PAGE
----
Web site owners far and wide, or at least in the UK, breathed a sigh of relief yesterday as they were given 12 more months before the “Cookie Law“(pdf) comes into affect and the fines of up to £500,000 for non-compliance.
Some of you are probably thinking: What law? What’s a cookie?
Well that’s fair enough, isn’t it?
Maybe, until you realise how much of your web site, even a WordPress Blog like this one, relies on cookies to actually work. Another thing, you know your boss or clients are always going on about ROI. Well, how are you going to track ROI now that Google Analytics won’t work with cookies disabled?
What is a cookie?
Let’s take a break from the arguement and cover some technical bits. A cookie is a small text file that gets stored on your computer when using a web site and might contain some information like this:
Set-Cookie:PREF=a5353f33dadae6b4:TM=1172488580:LM=1172488580:S=-tN_hXmrGjyfGFq4;expires=Sun, 17-Jan-2038 19:14:07 GMT
Most sites use them and they are non-identifying in the fact that they can only contain information you give to the site, either as an act of using the site or filling in forms on the site.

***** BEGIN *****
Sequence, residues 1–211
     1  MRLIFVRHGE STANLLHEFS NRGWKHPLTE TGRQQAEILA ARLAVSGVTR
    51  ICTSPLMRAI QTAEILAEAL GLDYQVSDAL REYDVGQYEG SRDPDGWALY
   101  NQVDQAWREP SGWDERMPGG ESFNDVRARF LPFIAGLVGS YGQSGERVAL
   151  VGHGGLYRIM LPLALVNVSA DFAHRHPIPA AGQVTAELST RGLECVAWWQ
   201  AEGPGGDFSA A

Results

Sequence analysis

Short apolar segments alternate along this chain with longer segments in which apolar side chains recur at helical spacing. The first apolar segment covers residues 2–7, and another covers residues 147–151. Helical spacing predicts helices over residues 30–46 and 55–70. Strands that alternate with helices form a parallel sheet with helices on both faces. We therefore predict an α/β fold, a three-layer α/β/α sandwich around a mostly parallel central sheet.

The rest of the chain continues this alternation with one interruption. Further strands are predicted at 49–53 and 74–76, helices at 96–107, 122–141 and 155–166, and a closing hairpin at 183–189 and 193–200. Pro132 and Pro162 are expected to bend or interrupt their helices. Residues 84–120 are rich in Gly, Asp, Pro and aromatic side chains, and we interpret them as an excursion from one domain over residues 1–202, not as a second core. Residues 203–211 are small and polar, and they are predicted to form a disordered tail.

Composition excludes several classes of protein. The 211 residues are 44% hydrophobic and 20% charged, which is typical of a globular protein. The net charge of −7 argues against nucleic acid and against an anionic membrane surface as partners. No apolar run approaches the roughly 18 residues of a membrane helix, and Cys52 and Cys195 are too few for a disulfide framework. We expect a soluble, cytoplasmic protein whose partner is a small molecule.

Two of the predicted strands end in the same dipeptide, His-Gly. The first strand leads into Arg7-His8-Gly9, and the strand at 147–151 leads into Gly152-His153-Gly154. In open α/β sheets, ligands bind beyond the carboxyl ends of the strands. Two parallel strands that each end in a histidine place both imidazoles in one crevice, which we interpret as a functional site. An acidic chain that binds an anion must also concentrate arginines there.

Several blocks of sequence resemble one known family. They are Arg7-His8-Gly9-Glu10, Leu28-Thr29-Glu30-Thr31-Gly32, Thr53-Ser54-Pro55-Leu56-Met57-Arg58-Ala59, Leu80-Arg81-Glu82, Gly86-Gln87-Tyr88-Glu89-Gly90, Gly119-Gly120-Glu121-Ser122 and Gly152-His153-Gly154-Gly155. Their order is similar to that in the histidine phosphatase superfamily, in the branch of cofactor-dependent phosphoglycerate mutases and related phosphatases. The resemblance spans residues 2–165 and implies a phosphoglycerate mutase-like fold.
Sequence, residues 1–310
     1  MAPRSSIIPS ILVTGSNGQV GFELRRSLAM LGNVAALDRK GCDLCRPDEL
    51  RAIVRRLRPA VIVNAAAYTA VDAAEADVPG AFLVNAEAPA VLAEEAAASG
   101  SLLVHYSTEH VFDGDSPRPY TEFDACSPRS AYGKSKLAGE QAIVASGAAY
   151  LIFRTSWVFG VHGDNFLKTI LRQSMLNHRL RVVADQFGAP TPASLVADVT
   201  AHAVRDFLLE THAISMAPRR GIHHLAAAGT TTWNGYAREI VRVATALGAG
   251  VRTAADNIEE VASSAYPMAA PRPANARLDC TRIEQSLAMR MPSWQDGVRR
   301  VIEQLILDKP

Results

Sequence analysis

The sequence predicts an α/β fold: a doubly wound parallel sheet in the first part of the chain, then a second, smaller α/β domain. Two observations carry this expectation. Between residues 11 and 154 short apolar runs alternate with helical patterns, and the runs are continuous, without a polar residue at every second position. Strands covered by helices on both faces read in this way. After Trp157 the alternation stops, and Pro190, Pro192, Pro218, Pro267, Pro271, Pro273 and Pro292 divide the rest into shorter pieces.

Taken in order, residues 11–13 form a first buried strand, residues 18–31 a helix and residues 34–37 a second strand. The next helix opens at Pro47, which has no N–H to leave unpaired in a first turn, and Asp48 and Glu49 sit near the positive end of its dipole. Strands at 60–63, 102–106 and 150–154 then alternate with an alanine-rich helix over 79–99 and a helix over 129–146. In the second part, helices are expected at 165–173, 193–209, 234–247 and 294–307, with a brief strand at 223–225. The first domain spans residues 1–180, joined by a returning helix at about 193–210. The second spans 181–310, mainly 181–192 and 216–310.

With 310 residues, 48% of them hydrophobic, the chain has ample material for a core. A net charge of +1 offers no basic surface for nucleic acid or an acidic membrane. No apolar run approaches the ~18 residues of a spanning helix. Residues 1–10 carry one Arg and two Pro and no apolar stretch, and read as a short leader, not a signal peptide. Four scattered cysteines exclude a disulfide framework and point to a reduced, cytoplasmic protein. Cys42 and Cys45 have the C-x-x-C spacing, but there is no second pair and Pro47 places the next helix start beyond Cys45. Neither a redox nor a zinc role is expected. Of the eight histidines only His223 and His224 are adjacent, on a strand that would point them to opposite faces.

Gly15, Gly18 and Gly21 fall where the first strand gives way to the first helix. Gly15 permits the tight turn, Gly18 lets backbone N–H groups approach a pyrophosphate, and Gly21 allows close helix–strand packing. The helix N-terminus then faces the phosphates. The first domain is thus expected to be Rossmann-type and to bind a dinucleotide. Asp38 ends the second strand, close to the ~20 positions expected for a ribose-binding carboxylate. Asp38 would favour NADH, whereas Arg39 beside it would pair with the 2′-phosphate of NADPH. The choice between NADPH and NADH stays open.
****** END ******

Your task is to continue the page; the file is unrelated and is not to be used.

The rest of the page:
For a fuller explanation see Wikipedia on Cookies.
What does this all mean?
If you were to abide by the directive, and indeed the law, you would need to provide a way for users of your web site to state on an opt-in basis that they accept you using cookies during their visit to your web site. The Information Commissioner’s Office who are responsible for implementing this law in the UK are leading by example:
My issues with this are the following:
- Many users, and even web site owners, don’t know what cookies are and trying to explain that easily at point of use is going to be difficult.
- If users opt out then many sites won’t work or behave in the way they expect, users won’t necessarily relate this to the cookie issue and blame the companies web site.
- This law does not affect web sites from outside the EU, therefore foreign web sites have a competitive advantage.
- This is an over reaction to protect peoples privacy. Nearly every main stream browser has the ability to block cookies. The public needs educating on this fact rather than crippling business.
- The Directive offers no alternatives for business and very few examples of how best to implement this. Their lack of knowledge is highlighted by the suggestions to use “scrolling text” or “pop ups” to alert visitors, – Yes very 1990’s!
- Compliance could be costly. Most site owners are not going to be able to implement changes themselves and to comply could incur excessive development costs.
It is yet another example of laws being set with complete disregard for the effects on business.
I am sure there will be many fighting this new law and analytics companies are unlikely to let their businesses be affected readily.
What do you think?
More importantly, what would be your suggestions on how to comply?